Religion News: 85 percent of U.S. households own a Bible

Staff Writer
Mount Shasta Herald

On the heels of Gallup’s assessment of the religiosity by state, American Bible Society revealed findings from its State of the Bible survey, which details Americans’ beliefs about the Bible, its role in society, its presence in U.S. homes and more.

The annual State of the Bible 2012 survey, conducted by Barna Group on behalf of American Bible Society, found:

• 47 percent of American adults believe the Bible has too little influence in society today; only 16 percent believe it has too much influence, with the remaining adults expressing neutral opinions.

• 55 percent read the Bible to be closer to God, down 9 percent (from 64 percent) in 2011.

• 79 percent believe they are knowledgeable about the Bible, but 54 percent were unable to correctly identify the first five books of the Bible.

• 46 percent believe the Bible, the Koran and the Book of Mormon are different expressions of the same spiritual truths; 46 percent disagree.

• On average, 85 percent of U.S. households own a Bible; the average number of Bibles per household is 4.3.

• 36 percent of Americans read the Bible less than once a year or never while 33 percent read the Bible once a week or more.

• Generational patterns emerged where younger adults are less likely to perceive the Bible as relevant and useful when compared with older adults.

• Sixty-two percent of adults age 66 and older believe the Bible contains everything a person needs to know about living a meaningful life, dropping to 54 percent among boomers (age 47 to 65), 44 percent among those age 28 to 46, and dropping even further to 34 percent for those age 18 to 27.

Full findings available at


Week in Religion

- April 19, 1887, the Catholic University of America was chartered in Washington, D.C.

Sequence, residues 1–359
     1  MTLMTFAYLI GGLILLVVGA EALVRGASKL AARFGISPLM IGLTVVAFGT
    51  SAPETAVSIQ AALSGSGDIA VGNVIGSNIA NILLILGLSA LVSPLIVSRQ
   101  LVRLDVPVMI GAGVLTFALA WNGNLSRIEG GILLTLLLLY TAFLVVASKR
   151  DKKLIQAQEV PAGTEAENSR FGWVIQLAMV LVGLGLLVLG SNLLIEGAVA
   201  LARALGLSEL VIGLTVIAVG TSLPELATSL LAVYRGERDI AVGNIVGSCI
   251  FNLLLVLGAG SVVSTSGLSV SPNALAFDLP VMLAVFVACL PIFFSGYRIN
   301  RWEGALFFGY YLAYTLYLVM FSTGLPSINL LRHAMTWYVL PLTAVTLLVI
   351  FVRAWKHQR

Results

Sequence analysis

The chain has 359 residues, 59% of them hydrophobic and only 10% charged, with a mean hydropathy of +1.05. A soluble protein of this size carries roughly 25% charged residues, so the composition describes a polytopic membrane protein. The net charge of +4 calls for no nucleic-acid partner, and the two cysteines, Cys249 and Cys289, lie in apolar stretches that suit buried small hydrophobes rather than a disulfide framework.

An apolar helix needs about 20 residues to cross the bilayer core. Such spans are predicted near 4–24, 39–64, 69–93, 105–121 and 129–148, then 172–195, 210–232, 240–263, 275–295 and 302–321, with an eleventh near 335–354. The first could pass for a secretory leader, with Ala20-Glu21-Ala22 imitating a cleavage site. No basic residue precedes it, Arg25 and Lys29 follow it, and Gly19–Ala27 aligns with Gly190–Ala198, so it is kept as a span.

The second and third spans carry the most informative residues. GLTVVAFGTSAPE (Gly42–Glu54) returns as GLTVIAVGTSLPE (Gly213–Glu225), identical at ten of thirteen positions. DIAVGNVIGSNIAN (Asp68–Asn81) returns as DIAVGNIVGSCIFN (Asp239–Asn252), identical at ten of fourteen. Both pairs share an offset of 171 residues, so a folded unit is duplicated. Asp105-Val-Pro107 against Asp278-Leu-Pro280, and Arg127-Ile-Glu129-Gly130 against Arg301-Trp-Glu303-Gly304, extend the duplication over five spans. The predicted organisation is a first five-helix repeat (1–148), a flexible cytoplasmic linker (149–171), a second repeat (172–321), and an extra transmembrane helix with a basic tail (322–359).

- April 20, 1943, in Poland, Germans Nazi troops massacred the Jews in the Warsaw Ghetto.

- April 21, 1649, The Toleration Act was passed by the Maryland Assembly. It protected Roman Catholics within the American colony against Protestant harassment.

-- William D. Blake, Almanac of the Christian Church

Survey Says

Slightly more than half of the public (54 percent) says that churches should keep out of politics, compared with 40 percent who say religious institutions should express their views on social and political matters.

-- Pew Research on Religion & Public Life

Good Book?

"Wherever I Wind Up: My Quest for Truth, Authenticity and the Perfect Knuckleball" by R.A. Dickey and Wayne Coffey

Sustained by his profound Christian faith, the love of his wife and children, and a relentless quest for self-awareness and authenticity, the immensely likable Dickey details his transformation from a reckless, risk-taking loner to a grounded, life- affirming big leaguer. He emerged as one of the premier pitchers in the National League in 2010 –– and the knuckle-balling embodiment of the wonders that perseverance and human wisdom can produce. Dickey views his story as one of redemption.

-- Penguin Group (USA) Inc.

Quote of the week

"It is so difficult to make real what one believes, and to make these trials, as they are intended, real blessings." -- John Henry Newman, English churchman

The Word

neo-Buddhism: A movement founded by B.R. Ambedkar in India in the mid-1950s to encourage members of the Hindu caste of untouchables to convert to Buddhism, which would assure them of social acceptance as well as spiritual guidance. Mass conversions are still held today.


Religion Around the World

Religious makeup of Russia (2006 est.)

Russian Orthodox: 15-20 percent

Muslim: 10-15 percent

Other Christian: 2 percent

- CIA Factbook

GateHouse News Service